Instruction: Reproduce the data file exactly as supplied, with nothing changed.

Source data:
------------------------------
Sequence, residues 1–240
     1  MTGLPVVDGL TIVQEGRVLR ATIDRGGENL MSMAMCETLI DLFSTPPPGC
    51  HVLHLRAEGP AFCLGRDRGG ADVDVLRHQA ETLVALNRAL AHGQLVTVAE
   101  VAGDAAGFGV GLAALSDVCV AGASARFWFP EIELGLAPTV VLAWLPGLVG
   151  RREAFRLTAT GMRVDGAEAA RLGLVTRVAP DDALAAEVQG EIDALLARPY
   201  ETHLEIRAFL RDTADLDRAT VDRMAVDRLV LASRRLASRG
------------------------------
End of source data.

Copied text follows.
Sequence, residues 1–240
     1  MTGLPVVDGL TIVQEGRVLR ATIDRGGENL MSMAMCETLI DLFSTPPPGC
    51  HVLHLRAEGP AFCLGRDRGG ADVDVLRHQA ETLVALNRAL AHGQLVTVAE
   101  VAGDAAGFGV GLAALSDVCV AGASARFWFP EIELGLAPTV VLAWLPGLVG
   151  RREAFRLTAT GMRVDGAEAA RLGLVTRVAP DDALAAEVQG EIDALLARPY
   201  ETHLEIRAFL RDTADLDRAT VDRMAVDRLV LASRRLASRG